Excerpts From the Los Angeles Times
by Emily Sohn
by Emily Sohn
Fruits from faraway lands have been showing up in a growing number of products lately: bottled water, granola, powders, energy bars. With labels that evoke jungles and beaches, most promise to fight cancer, boost immunity and extend your life span, among other benefits. But will a mangosteen a day keep the doctor away any better than an apple can? And is it worth the extra price you'll pay to get ingredients that have crossed oceans to get to you?
If you believe the companies that market these ingredients, the answer is a loud yes. "Innumerable people across the world, including health professionals, have reported astonishing and life-changing health improvements as a result of using Noni," claims the Hilo, Hawaii-based Healing Noni company, which markets juice from the fruit of Morinda citrifolia, an Asian shrub.
Or as the San Clemente-based, açaí-focused Sambazon company puts it: "Say hello to açaí, the fruit that's making believers of world-class athletes and health-conscious people everywhere. Grown in the Amazon rain forest, açaí is truly a gift from Mother Nature."
Nutrition researchers and dietitians aren't so sure. So far, they say, there are no gold-standard-type studies to support the idea that exotic superfruits carry special health benefits. Eating a variety of fresh, colorful produce, they add, does far more good than obsessing over whatever the superfruit of the moment happens to be. And some worry that consumers are too quick to believe in whatever's new and different."I hate that term 'superfruit,' like your [fruit] is somehow wearing the cape," says Jeffrey Blumberg, director of the U.S. Department of Agriculture's Antioxidants Research Laboratory at Tufts University in Boston. "There's no evidence that one type of fruit is better for you than any other variety. They're all good."
A handful of complaints in recent years filed by consumer advocacy groups have targeted the vague and overstated claims made by some in the dietary supplement industry, some of which have sparked official grievances and lawsuits. Pom Wonderful gained angry attention from the National Advertising Division of the Council of Better Business Bureaus in 2005 for advertising that its juice could reduce arterial plaques by as much as 30%, a claim based on a small and limited pilot study.
Exotic superfruit products are the latest addition to the booming popularity of "superfoods," a marketing category that includes antioxidant-rich foods and beverages, such as red wine, dark chocolate, tea and blueberries. And for a growing number of Americans, the lure of the exotic is proving too tempting to resist.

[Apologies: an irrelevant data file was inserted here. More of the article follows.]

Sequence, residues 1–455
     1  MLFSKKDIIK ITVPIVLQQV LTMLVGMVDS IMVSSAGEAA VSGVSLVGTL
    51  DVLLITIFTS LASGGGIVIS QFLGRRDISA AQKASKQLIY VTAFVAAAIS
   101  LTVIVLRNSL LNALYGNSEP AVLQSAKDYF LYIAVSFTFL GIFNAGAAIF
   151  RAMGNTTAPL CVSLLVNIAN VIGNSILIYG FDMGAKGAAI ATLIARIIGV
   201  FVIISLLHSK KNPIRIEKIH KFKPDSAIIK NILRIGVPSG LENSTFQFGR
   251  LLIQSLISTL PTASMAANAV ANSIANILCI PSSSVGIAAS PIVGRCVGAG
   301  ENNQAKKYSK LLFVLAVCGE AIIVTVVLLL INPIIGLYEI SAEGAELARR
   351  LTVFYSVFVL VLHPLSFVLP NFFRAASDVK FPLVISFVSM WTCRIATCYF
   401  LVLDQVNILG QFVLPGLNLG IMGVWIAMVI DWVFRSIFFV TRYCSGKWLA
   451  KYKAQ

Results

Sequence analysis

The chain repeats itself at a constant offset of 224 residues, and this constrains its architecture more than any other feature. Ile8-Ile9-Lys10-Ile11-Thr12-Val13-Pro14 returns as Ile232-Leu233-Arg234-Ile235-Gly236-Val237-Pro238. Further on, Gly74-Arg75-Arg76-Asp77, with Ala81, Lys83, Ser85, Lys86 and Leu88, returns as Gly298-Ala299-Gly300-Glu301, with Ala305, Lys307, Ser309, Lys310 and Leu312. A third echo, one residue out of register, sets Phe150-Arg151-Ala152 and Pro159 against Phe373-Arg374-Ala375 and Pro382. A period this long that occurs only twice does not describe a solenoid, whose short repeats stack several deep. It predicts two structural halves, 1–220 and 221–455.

In 2007, sales of goji berry-enhanced products were up nearly 75% from 2006 at natural-food supermarkets, according to SPINS, a natural-products market research firm based in Schaumburg, Ill. Sales of açaí (pronounced ah-SIGH-ee) products grew by more than 50% at natural-food supermarkets. And pomegranate-related sales rose more than 60% -- perhaps no wonder, given the recent sharp growth in pomegranate offerings. A startling 350 new pomegranate beverages were introduced in 2006 alone, according to a spokeswoman at the Los Angeles-based Pom Wonderful company. (Numbers for 2007 aren't yet available.)
Superfruit companies are funneling millions of dollars into research aimed at proving that yes, the secret to longevity is a refreshingly exotic sip away. And the scientists they fund, based at major research institutions, are turning up evidence to support the health benefits of their power foods -- showing, for example, that mushed-up açaí can pummel free radicals in test tubes, and that goji berry extracts slow the growth of human cancer cells in Petri dishes. It is only a matter of time, the companies say, before Western science catches up to a long history of traditional medicinal use in remote rain forests and mountain villages.
It's about antioxidants which can now be measured and standardized using a scientific measure called ORAC Value. Most superfoods get their "super" label from antioxidants, molecules that fight free radicals. These cell-damaging chemicals emerge from nearly everything our bodies do that involves oxygen, including digesting and breathing. Our cells make some antioxidant defenses on their own, but plants make far more. The theory is that eating antioxidant-rich plants gives us extra help in battling our own free radicals.
There are many thousands of plant-based antioxidants, called phytochemicals, and these compounds appear in various combinations in different types of produce. Blueberries, red wine and açaí, for example, are high in anthocyanins. Tea has lots of catechins. Mangosteens are rich in xanthones. Dark chocolate contains flavonoids. Plenty of studies now show that eating a variety of fruits and vegetables can help reduce the risk of chronic disease and might even help us live longer. So, companies that market superfruits often tout the high antioxidant concentrations of their star ingredients. Their findings are sometimes at odds with each other.
A recent issue of Consumer Reports pointed out the health benefits of eating a "rainbow of produce." Even on the face of it, this seems more sensible than a monochrome, all-mauve dietary approach, even if it is the latest thing in Hollywood.
Eating the full rainbow assortment of fresh raw fruits and vegetables on a regular basis—in addition to eating whole grains, nuts, seeds, and legumes while moderating intake of animal fat, refined flour, sugar, and stimulants—is the key to giving your body the nutrients it needs to build cells right and strengthening your immune and detoxification systems so they can do a better job of fighting off disease and aging!
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Grace and Peace,